During the Pliocene epoch (5.3 to 2.6 million years ago) climate became cooler and drier, and seasonal, similar to modern climates. The global average temperature in the mid-Pliocene was 2—3 °C higher than today, global sea level 80 feet higher and the northern hemisphere ice sheet was ephemeral before the onset of extensive glaciation over Greenland that occurred in the late Pliocene around 3 million years ago. Scientists are looking at what climate conditions were like 3.3 to 3 million years ago, during a geologic period known as the Pliocene, and they are confident in the accuracy of their data. The Pliocene is the most recent period of sustained global warmth similar to what is projected for the 21st century. Climate during this time period offers one of the closest analogs to estimate future climate conditions.
The USGS is leading research to reconstruct Pliocene ocean temperatures primarily using fossils contained in sediments from that time period.
"Confidence in data, as discussed in this paper, refers to the overall quality of our Pliocene temperature estimates," said USGS scientist Marci Robinson. "For each temperature estimate, we looked at factors such as the abundance of fossils, the number of samples analyzed, fossil preservation, and the techniques used for analysis."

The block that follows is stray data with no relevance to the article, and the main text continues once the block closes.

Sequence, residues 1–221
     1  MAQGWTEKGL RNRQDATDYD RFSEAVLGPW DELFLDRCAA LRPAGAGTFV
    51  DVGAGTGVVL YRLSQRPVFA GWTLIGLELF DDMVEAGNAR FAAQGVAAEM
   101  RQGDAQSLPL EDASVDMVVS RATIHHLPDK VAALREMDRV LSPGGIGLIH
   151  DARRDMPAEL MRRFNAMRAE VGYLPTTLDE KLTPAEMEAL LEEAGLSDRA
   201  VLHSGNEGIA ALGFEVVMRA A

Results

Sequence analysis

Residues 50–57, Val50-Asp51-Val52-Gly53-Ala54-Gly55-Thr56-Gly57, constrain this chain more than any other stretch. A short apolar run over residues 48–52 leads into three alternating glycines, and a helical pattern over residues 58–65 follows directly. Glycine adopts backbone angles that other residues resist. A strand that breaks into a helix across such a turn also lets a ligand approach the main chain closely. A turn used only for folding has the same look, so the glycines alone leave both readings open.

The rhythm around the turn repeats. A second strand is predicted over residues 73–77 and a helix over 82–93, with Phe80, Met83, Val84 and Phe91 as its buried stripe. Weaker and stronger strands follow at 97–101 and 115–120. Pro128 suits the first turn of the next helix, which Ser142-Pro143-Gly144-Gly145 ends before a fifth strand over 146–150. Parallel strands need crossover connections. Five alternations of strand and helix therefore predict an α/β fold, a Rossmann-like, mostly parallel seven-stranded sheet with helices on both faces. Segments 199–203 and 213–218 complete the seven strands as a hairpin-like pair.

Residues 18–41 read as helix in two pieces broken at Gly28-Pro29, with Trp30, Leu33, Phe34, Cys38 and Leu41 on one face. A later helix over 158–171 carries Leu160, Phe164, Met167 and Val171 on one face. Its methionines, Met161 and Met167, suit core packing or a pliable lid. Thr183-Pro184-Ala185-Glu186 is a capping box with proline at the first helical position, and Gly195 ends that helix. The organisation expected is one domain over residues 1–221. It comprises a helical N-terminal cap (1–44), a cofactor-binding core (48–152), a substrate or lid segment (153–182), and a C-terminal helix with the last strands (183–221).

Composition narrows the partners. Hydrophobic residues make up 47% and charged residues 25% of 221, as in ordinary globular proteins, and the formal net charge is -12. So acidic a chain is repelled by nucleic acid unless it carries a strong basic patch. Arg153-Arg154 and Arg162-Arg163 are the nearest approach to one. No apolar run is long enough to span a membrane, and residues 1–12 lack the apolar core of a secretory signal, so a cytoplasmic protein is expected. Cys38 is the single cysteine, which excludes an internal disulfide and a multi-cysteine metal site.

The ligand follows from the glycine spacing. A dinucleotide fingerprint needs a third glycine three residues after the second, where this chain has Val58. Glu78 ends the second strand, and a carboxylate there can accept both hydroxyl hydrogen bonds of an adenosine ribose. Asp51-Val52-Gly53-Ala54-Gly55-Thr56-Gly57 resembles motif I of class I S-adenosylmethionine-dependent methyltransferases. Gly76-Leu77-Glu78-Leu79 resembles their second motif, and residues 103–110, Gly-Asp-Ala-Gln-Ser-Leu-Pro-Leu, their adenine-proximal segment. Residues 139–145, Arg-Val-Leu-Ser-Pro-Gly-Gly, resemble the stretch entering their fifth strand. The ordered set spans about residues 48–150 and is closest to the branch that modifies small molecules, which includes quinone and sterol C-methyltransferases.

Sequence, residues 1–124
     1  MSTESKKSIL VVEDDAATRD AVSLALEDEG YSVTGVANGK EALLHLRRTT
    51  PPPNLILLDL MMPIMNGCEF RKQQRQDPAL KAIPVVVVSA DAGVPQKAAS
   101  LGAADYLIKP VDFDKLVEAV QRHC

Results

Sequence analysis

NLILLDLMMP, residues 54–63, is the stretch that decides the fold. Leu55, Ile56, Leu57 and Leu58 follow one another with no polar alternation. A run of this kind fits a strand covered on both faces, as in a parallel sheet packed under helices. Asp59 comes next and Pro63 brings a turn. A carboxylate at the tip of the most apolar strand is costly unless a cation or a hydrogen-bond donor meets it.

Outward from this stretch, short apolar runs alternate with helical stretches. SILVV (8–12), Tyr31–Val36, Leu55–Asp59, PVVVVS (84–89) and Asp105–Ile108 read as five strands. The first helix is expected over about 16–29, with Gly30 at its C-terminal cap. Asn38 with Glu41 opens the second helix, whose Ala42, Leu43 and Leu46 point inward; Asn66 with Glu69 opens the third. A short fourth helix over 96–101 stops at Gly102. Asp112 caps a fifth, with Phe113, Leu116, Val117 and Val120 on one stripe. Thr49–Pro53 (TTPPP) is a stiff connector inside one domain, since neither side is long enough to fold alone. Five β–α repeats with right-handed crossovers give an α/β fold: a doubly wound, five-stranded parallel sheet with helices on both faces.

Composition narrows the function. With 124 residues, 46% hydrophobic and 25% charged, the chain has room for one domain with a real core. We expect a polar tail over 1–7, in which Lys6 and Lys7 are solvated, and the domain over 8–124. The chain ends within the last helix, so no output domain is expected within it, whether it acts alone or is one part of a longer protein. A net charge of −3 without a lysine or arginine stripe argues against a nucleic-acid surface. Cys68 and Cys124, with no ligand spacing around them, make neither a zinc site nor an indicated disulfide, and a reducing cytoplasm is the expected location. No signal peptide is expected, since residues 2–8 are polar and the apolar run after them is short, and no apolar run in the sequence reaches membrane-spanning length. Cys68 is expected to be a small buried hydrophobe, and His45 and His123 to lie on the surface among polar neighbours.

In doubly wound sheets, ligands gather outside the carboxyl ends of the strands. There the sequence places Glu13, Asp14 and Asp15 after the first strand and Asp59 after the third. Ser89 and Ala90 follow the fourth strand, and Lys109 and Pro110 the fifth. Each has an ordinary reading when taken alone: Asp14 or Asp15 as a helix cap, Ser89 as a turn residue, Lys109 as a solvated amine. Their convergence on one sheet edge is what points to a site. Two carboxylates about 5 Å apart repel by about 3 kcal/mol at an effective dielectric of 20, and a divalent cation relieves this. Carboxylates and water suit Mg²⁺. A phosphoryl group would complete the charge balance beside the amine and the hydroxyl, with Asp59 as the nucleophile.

Scientists from around the world are using the Pliocene reconstructions to compare climate model simulations from fourteen general circulation models. This is an international effort with models developed by the United States, Japan, France, United Kingdom, China, Germany and Norway.
In this study, published in the journal Nature Climate Change, an initial comparison was made between four existing models. Conclusions showed that the models are close in agreement with each other and USGS data, except in the North Atlantic where modeled temperatures differ slightly from the Pliocene data and from each other.
"The processes that impact North Atlantic climate are complex, and we have analyzed many sites in the area," said Dowsett. "Based on this study, we have a high degree of confidence in our North Atlantic data, and we will wait to see how the rest of the models compare and plan future research to better understand the complexities."
Processes that influence North Atlantic Ocean temperatures include ocean circulation, the shape and characteristics of the seafloor, and concentrations of atmospheric CO2 and other trace gases. The Earth's orbit is another factor to consider because it affects the amount of sunlight and, therefore, heat that reaches the Earth's surface.
This Pliocene climate data reconstruction will be useful in predicting which climate model will best represent the future. Carbon dioxide concentration during the mid Pliocene has been estimated at around 400 ppmv.
Several mechanisms have been proposed to explain global cooling the end of the Pliocene and the onset of extensive northern hemisphere glaciation. They are:
Panama seaway closure due to salinity contrast between the Atlantic and the Pacific Oceans.
Collapse of permanent El Niño
Uplift of the Rocky mountains and Greenland west coast
Research on the mid-Pliocene constitutes the most comprehensive global reconstruction for any past warm period.
For further information: http://www.usgs.gov/newsroom/article.asp?ID=3147&from=rss&utm_source=feedburner&utm_medium=feed&utm_campaign=Feed%3A+UsgsNewsroom+%28USGS+Newsroom%29&utm_content=Google+Reader
Photo: University of Nebraska Lincoln